Word document based on TexTile.  Working through the Word spec will
probably be difficult enough!  If at all I go that way, I may consider
using win32ole to get Word to generate that document for me based on
parsing Textile.



David M. wrote:
>> Ya!  I think I may need to look at ripping open the parser and adding
>> Word (or ODT) to the parser (if I remain stubborn enough to do this).  I
>> am less keen to do this... yet!
>>
>
> Now that I think of it, it's probably simpler to read the Textile-generated
> HTML. But either way, you'll have to deal with an office format, which isn't
> going to be fun.
>

Yes!  that is absolutely correct.

>> I don't care about styles being generated from my CSS.  I'm happy enough
>> if the document retains the semantics of being different types of
>> sections.  I don't mind creating the styles again in the Word/ ODF
>> software.
>>
>
> In that case, it's probably not too difficult. Still harder than adding a print
> mode to CSS, but feasible.
>

I already have a print mode for the CSS.  With CSS3, it seems I can add
even more.  That's what I'm using right now (CSS2).

> I'll strongly suggest ODF if you go that route, even if you're targeting word,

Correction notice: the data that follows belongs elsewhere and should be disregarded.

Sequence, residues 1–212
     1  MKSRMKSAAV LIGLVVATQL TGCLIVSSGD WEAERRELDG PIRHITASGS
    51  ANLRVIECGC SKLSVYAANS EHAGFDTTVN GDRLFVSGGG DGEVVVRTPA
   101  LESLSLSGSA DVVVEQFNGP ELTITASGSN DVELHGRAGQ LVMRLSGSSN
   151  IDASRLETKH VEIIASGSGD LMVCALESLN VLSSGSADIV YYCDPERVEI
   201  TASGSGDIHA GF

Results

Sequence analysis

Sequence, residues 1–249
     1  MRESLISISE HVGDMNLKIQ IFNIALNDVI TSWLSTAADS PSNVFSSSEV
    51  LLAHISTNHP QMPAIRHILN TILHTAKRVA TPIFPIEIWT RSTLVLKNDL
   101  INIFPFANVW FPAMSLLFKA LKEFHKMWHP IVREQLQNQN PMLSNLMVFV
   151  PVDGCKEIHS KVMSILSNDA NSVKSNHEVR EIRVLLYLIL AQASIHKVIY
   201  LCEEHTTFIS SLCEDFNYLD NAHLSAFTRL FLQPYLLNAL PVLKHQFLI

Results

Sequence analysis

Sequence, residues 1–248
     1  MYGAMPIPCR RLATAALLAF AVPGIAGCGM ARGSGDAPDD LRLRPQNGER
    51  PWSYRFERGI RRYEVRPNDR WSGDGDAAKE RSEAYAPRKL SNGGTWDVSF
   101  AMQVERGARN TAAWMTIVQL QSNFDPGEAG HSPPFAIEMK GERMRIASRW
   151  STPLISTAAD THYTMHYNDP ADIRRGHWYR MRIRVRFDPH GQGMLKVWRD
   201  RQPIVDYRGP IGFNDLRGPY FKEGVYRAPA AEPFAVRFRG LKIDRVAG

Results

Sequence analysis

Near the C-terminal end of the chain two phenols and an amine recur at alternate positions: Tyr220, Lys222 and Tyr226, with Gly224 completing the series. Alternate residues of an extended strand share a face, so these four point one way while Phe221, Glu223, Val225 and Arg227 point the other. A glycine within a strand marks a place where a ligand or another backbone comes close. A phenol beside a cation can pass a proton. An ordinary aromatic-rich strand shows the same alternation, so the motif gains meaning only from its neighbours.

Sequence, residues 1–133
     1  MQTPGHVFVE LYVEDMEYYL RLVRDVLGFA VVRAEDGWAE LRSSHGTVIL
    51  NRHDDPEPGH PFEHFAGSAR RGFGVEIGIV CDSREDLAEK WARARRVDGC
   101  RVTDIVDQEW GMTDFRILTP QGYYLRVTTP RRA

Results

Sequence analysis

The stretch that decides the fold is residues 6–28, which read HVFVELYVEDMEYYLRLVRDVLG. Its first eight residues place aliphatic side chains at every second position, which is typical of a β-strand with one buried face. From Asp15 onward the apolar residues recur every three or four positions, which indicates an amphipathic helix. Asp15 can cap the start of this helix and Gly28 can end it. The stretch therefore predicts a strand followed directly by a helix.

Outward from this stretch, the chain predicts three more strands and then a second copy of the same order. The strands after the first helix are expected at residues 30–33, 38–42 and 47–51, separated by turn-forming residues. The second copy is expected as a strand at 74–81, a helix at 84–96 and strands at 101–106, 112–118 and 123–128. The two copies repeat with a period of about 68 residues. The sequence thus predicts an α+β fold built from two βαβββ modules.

> unless you have a _very_ good Word library. The reason is simple: Last I
> checked, the ODF spec is 600 pages. The Microsoft OpenXML spec is 6000 pages,
> and is incomplete. On a more subjective level, ODF XML is actually reasonably
> readable, while OpenXML is not. I'd much rather let a tool like OpenOffice, or
> the OpenDocument plugin for Word, handle that for me, rather than trying to
> deal with OpenXML.
>

You make a good case here!


> What I'm suggesting is that plain old HTML/CSS will probably give you what you
> need for styling, even for print media, without having to use a word
> processor. If you can do it with CSS, it will be easier, more portable, and
> likely more future-proof than trying to do it with a word processor.
>

Understood... and agreed!

Cheers,
Mohit.
4/17/2009 | 1:18 AM.
Mohit S. (Guest)
on 2009-04-16 21:20
(Received via mailing list)
Dean W. wrote:
> You might look at Asciidoc. I don't know if it supports Word generation,
> however.
>
Will do!  It's shaping up to be a busy weekend on thsi :)

Cheers,
Mohit.
4/17/2009 | 1:19 AM.